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ORIGINAL ARTICLE   Free accessfree

Minerva Anestesiologica 2019 February;85(2):148-55

DOI: 10.23736/S0375-9393.18.12406-0


language: English

Xenon anesthesia for awake craniotomy: safety and efficacy

Alexander KULIKOV 1 , Federico BILOTTA 2, Beatrice BORSELLINO 2, Denis SEL’KOV 1, Grigory KOBYAKOV 1, Andrey LUBNIN 1

1 Department of Anesthesiology, Burdenko National Medical Research Center of Neurosurgery, Moscow, Russia; 2 Department of Anesthesiology, Critical Care and Pain Medicine, Sapienza University, Rome, Italy

BACKGROUND: The asleep-awake-asleep (AAA) craniotomy is a technique that offers the opportunity of having a patient fully cooperative during the awake phase, and minimizes the possible discomfort, due to the asleep phase. The aim of this prospective observational study was to test the use of xenon in the first asleep phase of an AAA craniotomy, in patients undergoing craniotomy for brain tumor resection.
METHODS: The data have been collected from 40 awake craniotomy procedures, performed in patients with cerebral tumor, treated with the AAA technique. Patients were treated with xenon during the asleep phase, and quality of mapping, complications and qualitative judgment of the experience given by the patients were recorded.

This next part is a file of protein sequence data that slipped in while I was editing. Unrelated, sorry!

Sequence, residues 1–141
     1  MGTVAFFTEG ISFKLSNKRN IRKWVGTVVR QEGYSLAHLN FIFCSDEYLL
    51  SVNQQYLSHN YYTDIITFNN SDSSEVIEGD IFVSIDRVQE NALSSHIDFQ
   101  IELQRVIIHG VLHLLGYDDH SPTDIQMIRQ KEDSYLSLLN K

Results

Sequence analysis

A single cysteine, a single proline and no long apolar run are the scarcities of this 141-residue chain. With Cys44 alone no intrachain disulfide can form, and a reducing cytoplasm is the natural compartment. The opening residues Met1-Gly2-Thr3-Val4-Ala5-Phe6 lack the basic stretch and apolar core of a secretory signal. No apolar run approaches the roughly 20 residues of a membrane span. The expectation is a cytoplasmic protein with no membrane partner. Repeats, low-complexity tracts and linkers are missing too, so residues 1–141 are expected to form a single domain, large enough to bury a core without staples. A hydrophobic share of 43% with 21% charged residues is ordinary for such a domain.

RESULTS: The mapping was carried out as planned in 37 out of 40 cases. The doses of xenon administered during the first asleep phase of the anesthesia was 13±2 L. Time for awakening after xenon was switched off was 5±1 minute. A combination of xenon and regional anesthesia (with no need for additional systemic anesthetics) was adequate to accomplish craniotomy in 27/40 patients (67.5%). On the day after the operation, 37 patients recalled the testing procedure for mapping during the awake period, none had recollection of local anesthetic injections for regional anesthesia or sound associated with the neurosurgical drill. Five patients (12.5%) reported mild pain during tumor removal (VAS Score less than three).
CONCLUSIONS: In this case series, xenon anesthesia was successfully used for the sedative phase of an awake craniotomy accomplished with an AAA approach.

KEY WORDS: Craniotomy - Xenon - Intraoperative complications - Brain mapping

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